Visits with old friends bring back memories

Published 12:00 am Saturday, November 30, 2013

Peeping through my Venetian blind at the Indian summer beyond my window, I was spellbound by the colors of the autumn leaves, lying like quilts over lawns, dancing like fairies across the roads, and piled like weary children asleep in nooks and crannies.

What a world of beauty the Lord hath made.

My mind went back to Thanksgiving Day at Covington Hall with the Colonel and Miss Cora, Miss Dora, and Miss Flora. I was one of many guests, including Mrs. Gotrocks of Greenville, Miss Birdie Purdie, Miss Priscilla Primme, and her beau, Mr. Topper Propper.

Oh, the sideboard of food we were offered – turkey and dressing with gravy and cranberry sauce, English peas, stuffed eggs, potato salad, ham, chicken and dumplings, casseroles, congealed salads, pecan pie, pumpkin pie, sweet-potato pie, cakes of all descriptions, peas, beans, greens, corn, peach pickles, even parsnips – you-name-it!

It was enough to make the Portly Gentleman waddle for a year!

After dinner Miss Dora played the piano; and we sang “We Gather Together,” “Let All Things Now Living,” and “Come, Ye Thankful People, Come.” Miss Dora sang a lovely solo of “Bless This House” during our own vespers.

Seen at the Corner Market, eating lunch, were Ruck Ashworth, Michelle Gerlach, Rick Reynolds and Mary Lynn Pierce-Edgar.

Mary Lynn told me that she had run into my cousin, Margie (Cobb) McLendon, while shopping in Montgomery.

Margie was selling dance supplies in the sporting-goods store run by her husband Mike.

Janet Brantley took her husband David to dinner at David’s Catfish (appropriately) in honor of his birthday. David told me it was his 50th.

On his way to Montgomery the Portly Gentleman stopped in Greenville to eat at the Cracker Barrel, selecting the Hopalong Cassidy table for his repast.

Eating nearby were Barbara (Patterson) Eiland and her mother, Jo Sasser. The ladies were heading back to the “Dimple of Dixie” after a morning of shopping in Montgomery.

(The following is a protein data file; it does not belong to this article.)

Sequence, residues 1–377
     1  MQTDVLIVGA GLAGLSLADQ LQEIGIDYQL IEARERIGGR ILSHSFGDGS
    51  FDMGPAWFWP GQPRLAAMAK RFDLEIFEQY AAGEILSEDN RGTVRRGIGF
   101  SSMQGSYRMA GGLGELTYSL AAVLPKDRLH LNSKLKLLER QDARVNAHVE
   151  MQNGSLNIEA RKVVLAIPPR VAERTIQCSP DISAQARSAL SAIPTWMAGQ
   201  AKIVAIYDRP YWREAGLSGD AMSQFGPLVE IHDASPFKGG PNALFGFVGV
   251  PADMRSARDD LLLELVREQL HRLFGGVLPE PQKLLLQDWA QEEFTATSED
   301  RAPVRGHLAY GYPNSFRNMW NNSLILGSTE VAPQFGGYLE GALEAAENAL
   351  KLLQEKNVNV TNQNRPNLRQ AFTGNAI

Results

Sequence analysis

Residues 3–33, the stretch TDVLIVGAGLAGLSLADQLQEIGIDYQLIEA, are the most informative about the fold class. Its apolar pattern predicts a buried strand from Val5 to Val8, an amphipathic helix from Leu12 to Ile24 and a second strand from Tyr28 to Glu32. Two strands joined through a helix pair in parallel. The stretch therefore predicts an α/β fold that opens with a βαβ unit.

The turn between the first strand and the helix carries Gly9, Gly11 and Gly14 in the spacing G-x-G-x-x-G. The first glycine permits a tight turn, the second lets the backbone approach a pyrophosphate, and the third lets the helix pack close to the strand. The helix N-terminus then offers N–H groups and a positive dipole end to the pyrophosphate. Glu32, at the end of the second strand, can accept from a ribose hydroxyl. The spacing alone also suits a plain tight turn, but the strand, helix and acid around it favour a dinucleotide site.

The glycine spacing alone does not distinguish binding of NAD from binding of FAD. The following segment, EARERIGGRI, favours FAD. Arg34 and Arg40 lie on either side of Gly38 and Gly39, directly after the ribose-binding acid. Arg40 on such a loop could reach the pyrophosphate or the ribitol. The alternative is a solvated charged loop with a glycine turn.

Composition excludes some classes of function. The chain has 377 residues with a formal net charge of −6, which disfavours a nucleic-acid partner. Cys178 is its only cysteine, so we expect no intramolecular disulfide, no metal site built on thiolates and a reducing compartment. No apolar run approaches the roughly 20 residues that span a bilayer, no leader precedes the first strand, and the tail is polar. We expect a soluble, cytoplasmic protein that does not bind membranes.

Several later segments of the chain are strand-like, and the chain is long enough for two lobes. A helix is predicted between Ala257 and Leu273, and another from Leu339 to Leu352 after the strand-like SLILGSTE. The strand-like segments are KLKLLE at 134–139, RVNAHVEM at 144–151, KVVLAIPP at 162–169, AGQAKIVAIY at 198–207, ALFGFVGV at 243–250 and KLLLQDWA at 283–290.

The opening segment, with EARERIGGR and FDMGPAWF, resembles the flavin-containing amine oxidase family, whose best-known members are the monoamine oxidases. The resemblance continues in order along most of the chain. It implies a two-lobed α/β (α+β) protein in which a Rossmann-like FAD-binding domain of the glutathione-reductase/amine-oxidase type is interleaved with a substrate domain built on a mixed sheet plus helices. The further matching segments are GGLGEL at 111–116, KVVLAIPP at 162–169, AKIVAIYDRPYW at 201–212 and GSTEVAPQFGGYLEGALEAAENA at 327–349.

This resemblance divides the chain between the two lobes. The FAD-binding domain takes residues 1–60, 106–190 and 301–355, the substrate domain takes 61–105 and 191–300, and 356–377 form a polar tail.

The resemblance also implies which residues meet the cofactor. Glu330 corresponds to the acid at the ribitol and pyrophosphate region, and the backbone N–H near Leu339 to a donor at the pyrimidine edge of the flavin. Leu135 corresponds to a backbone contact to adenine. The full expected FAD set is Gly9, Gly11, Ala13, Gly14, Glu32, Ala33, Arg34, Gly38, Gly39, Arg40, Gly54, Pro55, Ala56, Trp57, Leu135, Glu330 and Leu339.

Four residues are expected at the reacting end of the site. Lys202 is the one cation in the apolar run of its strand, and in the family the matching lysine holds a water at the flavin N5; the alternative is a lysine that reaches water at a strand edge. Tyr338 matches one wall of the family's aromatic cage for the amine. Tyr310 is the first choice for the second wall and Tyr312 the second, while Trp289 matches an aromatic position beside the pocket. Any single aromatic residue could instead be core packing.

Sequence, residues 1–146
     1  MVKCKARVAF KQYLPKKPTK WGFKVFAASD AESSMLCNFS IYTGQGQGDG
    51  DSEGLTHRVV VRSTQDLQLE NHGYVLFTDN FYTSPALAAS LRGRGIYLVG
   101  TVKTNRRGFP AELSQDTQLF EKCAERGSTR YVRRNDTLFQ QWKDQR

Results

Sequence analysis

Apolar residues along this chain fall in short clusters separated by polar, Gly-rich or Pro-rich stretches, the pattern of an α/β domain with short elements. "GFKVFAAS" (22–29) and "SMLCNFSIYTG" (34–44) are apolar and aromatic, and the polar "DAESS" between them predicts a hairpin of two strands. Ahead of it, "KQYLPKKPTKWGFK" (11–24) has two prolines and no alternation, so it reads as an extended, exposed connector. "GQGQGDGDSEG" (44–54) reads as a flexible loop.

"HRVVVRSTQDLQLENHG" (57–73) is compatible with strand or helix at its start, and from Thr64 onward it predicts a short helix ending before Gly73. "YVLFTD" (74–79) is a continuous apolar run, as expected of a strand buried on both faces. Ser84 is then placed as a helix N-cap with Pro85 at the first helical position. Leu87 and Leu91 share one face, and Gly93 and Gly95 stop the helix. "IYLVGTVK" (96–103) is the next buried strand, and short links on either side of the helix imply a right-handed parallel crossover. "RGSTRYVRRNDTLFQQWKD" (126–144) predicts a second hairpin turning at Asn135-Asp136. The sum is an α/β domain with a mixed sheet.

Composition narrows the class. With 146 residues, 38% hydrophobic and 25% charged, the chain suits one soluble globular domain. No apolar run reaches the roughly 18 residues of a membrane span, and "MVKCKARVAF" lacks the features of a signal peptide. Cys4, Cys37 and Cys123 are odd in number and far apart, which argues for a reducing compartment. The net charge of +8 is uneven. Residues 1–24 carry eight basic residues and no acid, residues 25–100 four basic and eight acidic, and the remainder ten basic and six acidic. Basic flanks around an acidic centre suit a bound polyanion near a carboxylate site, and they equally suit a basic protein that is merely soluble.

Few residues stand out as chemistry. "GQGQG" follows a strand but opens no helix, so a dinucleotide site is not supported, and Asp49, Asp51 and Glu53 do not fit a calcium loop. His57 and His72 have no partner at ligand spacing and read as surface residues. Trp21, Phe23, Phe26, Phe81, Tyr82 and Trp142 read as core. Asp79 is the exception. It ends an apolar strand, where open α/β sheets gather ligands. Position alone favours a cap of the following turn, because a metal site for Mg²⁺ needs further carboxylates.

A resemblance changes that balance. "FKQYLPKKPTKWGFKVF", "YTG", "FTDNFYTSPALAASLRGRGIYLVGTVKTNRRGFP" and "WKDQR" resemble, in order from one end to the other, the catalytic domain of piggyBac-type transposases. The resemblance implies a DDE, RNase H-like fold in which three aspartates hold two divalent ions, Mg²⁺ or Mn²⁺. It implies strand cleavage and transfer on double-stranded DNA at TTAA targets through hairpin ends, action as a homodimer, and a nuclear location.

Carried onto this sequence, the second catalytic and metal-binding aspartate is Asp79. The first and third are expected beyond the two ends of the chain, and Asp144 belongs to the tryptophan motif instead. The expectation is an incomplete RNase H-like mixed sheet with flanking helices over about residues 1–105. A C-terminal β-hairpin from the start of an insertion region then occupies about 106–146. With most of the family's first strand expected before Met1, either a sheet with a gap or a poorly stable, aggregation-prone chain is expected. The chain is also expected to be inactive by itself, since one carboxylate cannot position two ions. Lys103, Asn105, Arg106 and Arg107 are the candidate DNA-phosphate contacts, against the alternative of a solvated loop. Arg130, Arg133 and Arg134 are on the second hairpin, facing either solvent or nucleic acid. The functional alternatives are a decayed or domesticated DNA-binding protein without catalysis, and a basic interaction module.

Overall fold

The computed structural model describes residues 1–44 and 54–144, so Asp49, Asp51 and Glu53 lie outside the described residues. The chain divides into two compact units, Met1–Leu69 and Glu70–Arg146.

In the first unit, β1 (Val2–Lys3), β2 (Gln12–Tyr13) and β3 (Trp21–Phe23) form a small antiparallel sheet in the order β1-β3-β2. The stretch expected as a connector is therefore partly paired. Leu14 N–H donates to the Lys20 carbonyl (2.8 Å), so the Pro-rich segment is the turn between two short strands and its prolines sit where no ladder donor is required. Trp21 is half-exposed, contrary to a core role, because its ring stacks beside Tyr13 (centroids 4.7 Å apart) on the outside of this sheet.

In Montgomery the Portly Gentleman drove down Bradley Drive, where his father lives, to Neighbor Brown’s house to see the gingko tree. Bob Harry, who grew up near the tree, will be glad to know that it was in its golden glory, as if Midas had touched its leaves.

After a night with his Aged Parent, the Portly One headed north to Birmingham for the Samford University homecoming. (Samford used to be Howard College.)

He checked into the Marriott Courtyard along Lakeshore Drive, which passes the Samford campus. From there, he could look up to the top of Shades Mountain and see Mount Royal Towers retirement home, recalling old friends who had passed their last days there – Grace Larson, who ran the Gables on Church Street in Andalusia; Guy Wiggins, a retired military man, known for his collection of clocks and for his love of singing; and Dr. Ray Atchison, the Portly One’s college teacher of English.

I’ll let the Portly One narrate now.

“After settling in, I drove over to the Samford campus, singing the old alma mater as I do when I return to the Lakeshore campus. I don’t guess I’ll ever accept the new alma mater.

“There were two events that Friday night, November l5, that I wanted to attend, the vespers service in A. H. Reid Chapel and the banquet in the campus dining room to recognize outstanding alumni.

“The A Cappella Choir of Samford, directed by Music Professor Philip Copeland, led in a vespers (twilight) service of scripture, anthems, sermon, thanksgiving, congregational hymns, responsive readings, and prayer, concluding with the choir’s traditional closing anthem, ‘Beautiful Savior.’

“Afterwards in the dining hall for the alumni banquet, I sat at table with Stan Davis, Clay Hubbard, Sarah Grace Buckley and A. L. and Myra Courtney, a congenial gathering.

“Stan is director of gift and estate design for Samford. He grew up in Andalusia and finished school there.

“Clay is a student ‘ambassador’ for Samford, hailing from Jackson, Mississippi.

“Sarah Grace is a Samford student from Florence, studying journalism and mass communication.

Clay and Sarah Grace were in the beautiful bloom of youth.

“A. L. and Myra are husband and wife from Pell City. He is a Baptist preacher. Myra, who grew up in Opp where her dad was a preacher named Scroggins, has for the last 25 years gone once a year with childhood friends from Opp to the beach to renew old friendships.

“The enchanting Myra said that she and her family are friends to Fletcher and Jean Jones of our town. They had heard the remarkable story of Lex Short’s survival after a fall in the woods. I told the Courtneys about Lex and his wife, Susan Jones, a daughter of Fletcher and Jean.